Let $p\ge 5$ be a prime number,show that neither of the two numbers $$\dfrac{p^p-1}{p-1}; \dfrac{p^p+1}{p+1}$$ can be a prime power

I know that $(p-1)|p^p-1$ and $(p+1)|p^p+1$

I have read some similar problems:

Prove that $\frac{a^n-1}{b^n-1}$ and $\frac{a^{n+1}-1}{b^{n+1}-1}$ can't both be prime.

Choosing $a$ s.t. $\frac{a^k - 1}{a-1}$ is not a prime power

  • $\begingroup$ For the first number, you can see this question $\endgroup$ – GAVD Sep 26 '17 at 10:01
  • $\begingroup$ In general, $\dfrac{a^{2k+1}\pm1}{a\pm1}=m^n$ seems to admit $(a=3,~k=2)$ as the only solution. $\endgroup$ – Lucian Sep 29 '17 at 15:56
  • $\begingroup$ @GottfriedHelms In order to avoid trivialities such as you mention, a working definition is this: A natural number is prime if it has exactly two different divisors. $\endgroup$ – uniquesolution Oct 4 '17 at 19:57
  • $\begingroup$ Maybe relevant: "If p is a prime, then p^p-1 has at least a prime factor that is congruent to 1 modulo p." oeis.org/A212552 $\endgroup$ – Hyperplane Oct 24 '17 at 14:38

If we have a solution in integers to $$ \frac{x^n-1}{x-1} = y^q, $$ with $n \geq 3$, $q \geq 2$ prime, $x, y > 1$ and $$ (x,y,n,q) \neq (18,7,3,3), $$ then a result of Bugeaud, Mignotte and Roy (Pacific J. Math. 2000) ensures that there exists a prime divisor of $x$ which is congruent to $1$ modulo $q$. If we assume that $x=n=p$, this implies that $p \equiv 1 \mod{q}$, say $p = aq+1$ and so we can rewrite the equation $$ \frac{p^p-1}{p-1}=y^q $$ as $$ p (p^a)^q - (p-1) y^q = 1. $$ An old result of someone or other implies that the equation $$ p u^q - (p-1) y^q = 1 $$ has only the solution $(u,y) =(1,1)$ in positive integers and so $a=0$, a contradiction.

A similar argument works for showing that $\frac{p^p+1}{p+1}$ isn't a perfect power (replacing $x$ by $-x$), after a bit of work.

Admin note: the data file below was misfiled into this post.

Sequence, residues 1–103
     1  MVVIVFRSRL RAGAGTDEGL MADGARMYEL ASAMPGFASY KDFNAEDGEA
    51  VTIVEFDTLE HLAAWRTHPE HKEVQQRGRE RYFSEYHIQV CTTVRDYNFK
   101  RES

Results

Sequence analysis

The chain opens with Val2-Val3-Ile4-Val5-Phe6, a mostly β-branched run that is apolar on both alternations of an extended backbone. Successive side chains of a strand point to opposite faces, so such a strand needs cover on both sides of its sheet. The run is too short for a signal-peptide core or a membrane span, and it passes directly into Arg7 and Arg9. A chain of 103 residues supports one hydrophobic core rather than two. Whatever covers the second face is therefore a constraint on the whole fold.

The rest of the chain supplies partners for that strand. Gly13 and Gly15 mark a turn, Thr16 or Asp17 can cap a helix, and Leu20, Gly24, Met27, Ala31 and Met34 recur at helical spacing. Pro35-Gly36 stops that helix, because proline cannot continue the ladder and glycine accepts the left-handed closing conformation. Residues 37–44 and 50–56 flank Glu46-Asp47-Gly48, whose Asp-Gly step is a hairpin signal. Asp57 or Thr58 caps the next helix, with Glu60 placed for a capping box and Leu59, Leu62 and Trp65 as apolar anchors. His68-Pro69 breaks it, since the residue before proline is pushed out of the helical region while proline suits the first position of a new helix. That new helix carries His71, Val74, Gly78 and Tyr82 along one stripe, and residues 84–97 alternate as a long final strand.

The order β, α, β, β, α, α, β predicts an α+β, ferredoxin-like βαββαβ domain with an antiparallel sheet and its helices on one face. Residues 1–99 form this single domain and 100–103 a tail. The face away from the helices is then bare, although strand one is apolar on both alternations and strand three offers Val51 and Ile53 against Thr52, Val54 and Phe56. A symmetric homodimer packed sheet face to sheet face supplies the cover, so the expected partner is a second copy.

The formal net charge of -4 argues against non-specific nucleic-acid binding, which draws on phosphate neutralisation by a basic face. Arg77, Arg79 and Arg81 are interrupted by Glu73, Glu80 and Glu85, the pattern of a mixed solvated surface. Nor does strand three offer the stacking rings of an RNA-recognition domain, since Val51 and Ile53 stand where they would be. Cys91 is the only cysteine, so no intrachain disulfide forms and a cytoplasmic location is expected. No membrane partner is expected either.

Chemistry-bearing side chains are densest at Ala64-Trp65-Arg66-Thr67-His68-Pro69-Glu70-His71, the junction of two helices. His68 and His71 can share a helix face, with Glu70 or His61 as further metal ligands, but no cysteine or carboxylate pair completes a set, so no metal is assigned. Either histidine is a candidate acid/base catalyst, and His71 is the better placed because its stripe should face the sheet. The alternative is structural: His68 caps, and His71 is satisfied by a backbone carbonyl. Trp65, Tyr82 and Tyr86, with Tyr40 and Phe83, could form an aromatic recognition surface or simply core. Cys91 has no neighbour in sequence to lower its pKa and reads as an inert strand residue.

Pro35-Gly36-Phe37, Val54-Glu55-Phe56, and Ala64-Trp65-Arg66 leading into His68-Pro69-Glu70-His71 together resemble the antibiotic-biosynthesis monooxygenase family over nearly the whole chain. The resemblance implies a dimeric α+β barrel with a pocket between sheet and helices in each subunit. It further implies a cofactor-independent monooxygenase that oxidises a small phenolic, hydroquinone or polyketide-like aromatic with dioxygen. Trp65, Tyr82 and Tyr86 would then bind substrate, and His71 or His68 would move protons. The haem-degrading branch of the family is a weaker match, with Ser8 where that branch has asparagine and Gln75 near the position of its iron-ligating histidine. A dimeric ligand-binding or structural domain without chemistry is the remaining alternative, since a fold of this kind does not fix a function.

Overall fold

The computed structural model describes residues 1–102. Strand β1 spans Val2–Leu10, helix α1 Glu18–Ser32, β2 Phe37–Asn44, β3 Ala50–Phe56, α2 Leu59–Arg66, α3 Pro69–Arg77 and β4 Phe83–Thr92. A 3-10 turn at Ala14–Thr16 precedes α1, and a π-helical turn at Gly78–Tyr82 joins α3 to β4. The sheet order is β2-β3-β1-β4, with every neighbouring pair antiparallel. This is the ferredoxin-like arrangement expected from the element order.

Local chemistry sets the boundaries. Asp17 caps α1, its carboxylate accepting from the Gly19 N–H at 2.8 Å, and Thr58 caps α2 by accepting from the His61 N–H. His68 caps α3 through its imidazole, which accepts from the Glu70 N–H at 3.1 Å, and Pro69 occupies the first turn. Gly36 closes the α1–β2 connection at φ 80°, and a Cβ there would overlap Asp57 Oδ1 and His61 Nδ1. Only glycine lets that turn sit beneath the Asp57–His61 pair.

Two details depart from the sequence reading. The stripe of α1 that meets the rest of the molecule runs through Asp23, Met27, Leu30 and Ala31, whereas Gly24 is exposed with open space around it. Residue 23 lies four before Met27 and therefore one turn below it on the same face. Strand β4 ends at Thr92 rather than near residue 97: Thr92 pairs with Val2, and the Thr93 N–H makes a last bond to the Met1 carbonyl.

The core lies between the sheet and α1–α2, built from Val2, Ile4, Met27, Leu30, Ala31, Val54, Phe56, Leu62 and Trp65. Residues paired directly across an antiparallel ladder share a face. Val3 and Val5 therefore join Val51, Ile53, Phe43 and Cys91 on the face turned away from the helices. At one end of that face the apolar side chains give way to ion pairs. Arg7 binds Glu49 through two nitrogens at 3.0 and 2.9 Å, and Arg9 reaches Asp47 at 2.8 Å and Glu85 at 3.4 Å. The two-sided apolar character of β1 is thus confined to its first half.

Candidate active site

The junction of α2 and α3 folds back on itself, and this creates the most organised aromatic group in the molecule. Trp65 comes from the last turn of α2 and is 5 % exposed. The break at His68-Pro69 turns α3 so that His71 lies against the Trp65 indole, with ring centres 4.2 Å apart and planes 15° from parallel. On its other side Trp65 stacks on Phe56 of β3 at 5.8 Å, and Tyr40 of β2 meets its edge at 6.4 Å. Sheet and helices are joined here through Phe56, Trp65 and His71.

These results I'm citing require a fair bit of machinery, and hence this proof is pretty far from elementary.


COMMENT. Something that has been happening in recent months is that MSE beginners post difficult problems that most likely do so with all deliberation. I want here to report some facts mentioned by L. J. Mordell in relation to the proposed problem.

(Note that $x ^ p$ is more general than $p ^ p$).

Euler had already shown that the equation $y^2-1=x^3$ has the only solutions $x=0,-1,2$. For the prime $p\gt3$, Nagell proved that if $$y^2-1=x^p$$ then one has $$p\equiv 1\pmod8\text{ and } y\equiv 0\pmod p$$ furthermore $$y\pm1=2x_1^p\text { and }y\mp2{p-1}x_2^p$$ so that $$x_1^p-2^{p-2}x_2^p=\pm 1\\\text { and }p\text{ divides }\frac{x^p+1}{x+1}\text { but } p^2\text {does not divide }\frac{x^p+1}{x+1}$$ Furthermore if $x_1+y_1\sqrt p$ is the fundamental unit of $\mathbb Q(\sqrt p)$ then $x_1+y_1\equiv 1\pmod 8$ this condition being equivalent to the fact that $2$ is a biquadratic residue of $p$.

T. Nagell. Sur l’impossibilité de l’équation indéterminée $z^p+1=y^2$. Norsk Mat. Forenings Skrifter, $\mathbf 1$ (1921),Nr. 4.

T. Nagell. Sur une equation à deux indéterminées.Norsk Vid. Selsk Forh. $\mathbf 7$ (1934) p. 136-139.

Mordell adds “We conclude this section by mentioning the impossibility of the equations $$y^3=x^p+1, \space |x|\gt 1,\space\space \text{ Nagell }\\ y^3=x^p-1, \space |x|\gt 2,\space\space \text{ Nagell }\\y^4=x^p+1\text{ Selberg }$$ The last result is now a special case of Chao Ko’s theorem.”

Chao Ko. On the diophantine equation $x^2=y^n+1,\space xy\ne 0$. Scientia Sinica (Notes),$\mathbf {14}$ (1964),p.457-460.


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